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A Standards Committee determined that two lawyers who refused to provide a copy of their letter of engagement to their former client’s new lawyers breached the Conduct and Client Care Rules. The Committee reprimanded the lawyers and ordered them to pay fines totalling $2,000.
The lawyers (together, AB) represented a company client (C Co) under instructions from the director (Mr D) in civil litigation and with a fee arrangement that included a contingency fee. Prior to trial, the client-lawyer relationship broke down. Mr D instructed new lawyers (New Lawyers). The New Lawyers applied for an adjournment of the trial, supported by an affidavit from Mr D speaking of his “shock” at the fees charged by AB and asserting that AB had not done any preparation work at all for the trial.
Mr D asked AB to provide C Co’s files to the New Lawyers. AB replied that they would release the files on receipt of an undertaking from the New Lawyers that their fees would be paid in priority to the New Lawyers’ fees (see rule 4.4.2 of the Conduct and Client Care Rules). AB and the New Lawyers then engaged in a series of back-and-forth correspondence about release of information. AB issued a final invoice to C Co and continued to claim a lien over the files (see rule 4.4.4). The dispute evolved to focus exclusively on the fees dispute. C Co purported to cancel the contingency fee arrangement. AB disputed C Co’s ability to cancel; they referred to the arrangement documented in two particular letters and they also referred to their letter of engagement. The New Lawyers advised that they no longer required the full file from AB, as they had concluded the files would not contain any admissible evidence that they did not already have. At the same time, they advised AB that Mr D was unable to find a copy of the letter of engagement and they asked AB to provide it. AB replied that they would provide the full file “including our letter of engagement previously provided” on receipt of full payment of their fees.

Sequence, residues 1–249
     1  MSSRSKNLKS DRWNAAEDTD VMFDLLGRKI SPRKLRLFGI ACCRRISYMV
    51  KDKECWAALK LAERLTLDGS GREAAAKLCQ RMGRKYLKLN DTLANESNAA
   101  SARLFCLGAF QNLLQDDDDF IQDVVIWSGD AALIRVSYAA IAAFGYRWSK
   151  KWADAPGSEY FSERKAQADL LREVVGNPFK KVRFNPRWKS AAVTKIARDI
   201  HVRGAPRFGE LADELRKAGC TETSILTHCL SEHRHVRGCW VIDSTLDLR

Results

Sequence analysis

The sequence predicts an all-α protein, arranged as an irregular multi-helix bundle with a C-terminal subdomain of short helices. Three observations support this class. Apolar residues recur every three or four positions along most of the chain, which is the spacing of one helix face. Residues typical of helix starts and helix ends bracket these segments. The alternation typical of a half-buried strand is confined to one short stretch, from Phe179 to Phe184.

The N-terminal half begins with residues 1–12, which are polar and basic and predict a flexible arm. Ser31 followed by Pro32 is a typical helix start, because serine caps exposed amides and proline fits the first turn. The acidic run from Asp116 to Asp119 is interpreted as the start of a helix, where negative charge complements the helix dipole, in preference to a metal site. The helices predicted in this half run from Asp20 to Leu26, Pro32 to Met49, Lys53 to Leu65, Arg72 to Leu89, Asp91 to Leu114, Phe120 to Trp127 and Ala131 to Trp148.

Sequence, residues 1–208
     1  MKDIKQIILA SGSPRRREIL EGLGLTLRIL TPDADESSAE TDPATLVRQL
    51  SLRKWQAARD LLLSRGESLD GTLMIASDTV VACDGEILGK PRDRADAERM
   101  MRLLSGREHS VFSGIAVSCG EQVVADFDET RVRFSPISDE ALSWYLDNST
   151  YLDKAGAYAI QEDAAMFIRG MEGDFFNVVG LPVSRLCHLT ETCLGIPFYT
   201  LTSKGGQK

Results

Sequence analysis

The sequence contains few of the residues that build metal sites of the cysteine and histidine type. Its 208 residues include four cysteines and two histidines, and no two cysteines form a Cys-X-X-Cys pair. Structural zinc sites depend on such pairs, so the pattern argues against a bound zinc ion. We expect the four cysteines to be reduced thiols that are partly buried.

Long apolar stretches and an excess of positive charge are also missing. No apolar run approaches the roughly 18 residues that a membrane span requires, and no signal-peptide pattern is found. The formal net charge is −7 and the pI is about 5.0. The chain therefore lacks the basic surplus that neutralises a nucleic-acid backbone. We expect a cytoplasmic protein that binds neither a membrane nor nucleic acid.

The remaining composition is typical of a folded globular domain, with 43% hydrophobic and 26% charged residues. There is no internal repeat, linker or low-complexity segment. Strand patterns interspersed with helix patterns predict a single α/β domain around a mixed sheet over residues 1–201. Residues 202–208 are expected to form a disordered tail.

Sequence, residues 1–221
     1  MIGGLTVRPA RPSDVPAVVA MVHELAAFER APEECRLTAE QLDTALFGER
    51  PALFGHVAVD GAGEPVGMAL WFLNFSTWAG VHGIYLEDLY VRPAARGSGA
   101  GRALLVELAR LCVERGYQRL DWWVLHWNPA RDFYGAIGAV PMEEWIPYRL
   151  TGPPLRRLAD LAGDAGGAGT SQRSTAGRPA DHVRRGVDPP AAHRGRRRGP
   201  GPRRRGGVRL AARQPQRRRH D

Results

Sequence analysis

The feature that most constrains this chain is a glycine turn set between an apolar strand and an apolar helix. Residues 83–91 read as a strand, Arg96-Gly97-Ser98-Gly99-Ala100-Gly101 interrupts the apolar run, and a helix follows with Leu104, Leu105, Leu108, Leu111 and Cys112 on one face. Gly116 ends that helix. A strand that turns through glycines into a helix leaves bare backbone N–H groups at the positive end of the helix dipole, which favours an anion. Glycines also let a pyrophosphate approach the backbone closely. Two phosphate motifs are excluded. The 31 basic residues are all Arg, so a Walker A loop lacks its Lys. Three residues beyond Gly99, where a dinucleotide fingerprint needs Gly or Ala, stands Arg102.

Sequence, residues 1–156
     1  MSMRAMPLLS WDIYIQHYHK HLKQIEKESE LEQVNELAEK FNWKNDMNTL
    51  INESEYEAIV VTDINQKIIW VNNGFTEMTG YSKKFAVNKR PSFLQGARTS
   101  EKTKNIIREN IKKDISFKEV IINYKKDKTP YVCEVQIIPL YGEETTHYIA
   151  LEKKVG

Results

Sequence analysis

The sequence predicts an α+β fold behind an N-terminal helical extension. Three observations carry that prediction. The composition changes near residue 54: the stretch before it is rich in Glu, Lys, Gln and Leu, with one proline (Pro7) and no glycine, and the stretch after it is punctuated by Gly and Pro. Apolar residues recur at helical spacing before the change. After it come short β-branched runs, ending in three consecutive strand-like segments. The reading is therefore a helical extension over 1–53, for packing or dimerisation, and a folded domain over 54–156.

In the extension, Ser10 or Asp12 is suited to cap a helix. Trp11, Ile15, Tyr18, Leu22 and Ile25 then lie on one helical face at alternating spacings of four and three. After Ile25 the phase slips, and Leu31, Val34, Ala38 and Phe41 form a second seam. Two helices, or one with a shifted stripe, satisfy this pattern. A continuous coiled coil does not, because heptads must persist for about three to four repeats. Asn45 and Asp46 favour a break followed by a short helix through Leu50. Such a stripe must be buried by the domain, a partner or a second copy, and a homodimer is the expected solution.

AB subsequently demanded payment of more than $100,000 in fees and threatened to sue for recovery. Mr D sought advice from the New Lawyers on whether C Co was liable to pay those fees. The New Lawyers considered they were hindered in advising on that issue without seeing the letter of engagement. Because of AB’s continuing refusal to provide that letter, one of the New Lawyers complained about them. AB subsequently provided a copy of the letter.
The Committee’s discussion focused on whether a lawyer's right to a lien extended to a letter of engagement. The Committee concluded that it did not. One of its reasons for that was, it said, that a letter of engagement is not a document that is “held for a client”.
The Standards Committee considered that it was “difficult to see how withholding a copy of the letter of engagement would be consistent with the obligations of client care arising under the rules”. It noted that the refusal to provide a copy of the letter occurred in the context of a dispute about the fees and that, ordinarily, the letter of engagement would assist in addressing such disputes.
The Committee determined that AB’s conduct in refusing to provide a copy of the letter of engagement breached both rules 10 and 11 of the Conduct and Client Care Rules (as those rules stood prior to 1 July 2021). Those rules relate to standards of professionalism and professional practice.
The Standards Committee reprimanded AB and ordered them to pay fines totalling $2,000.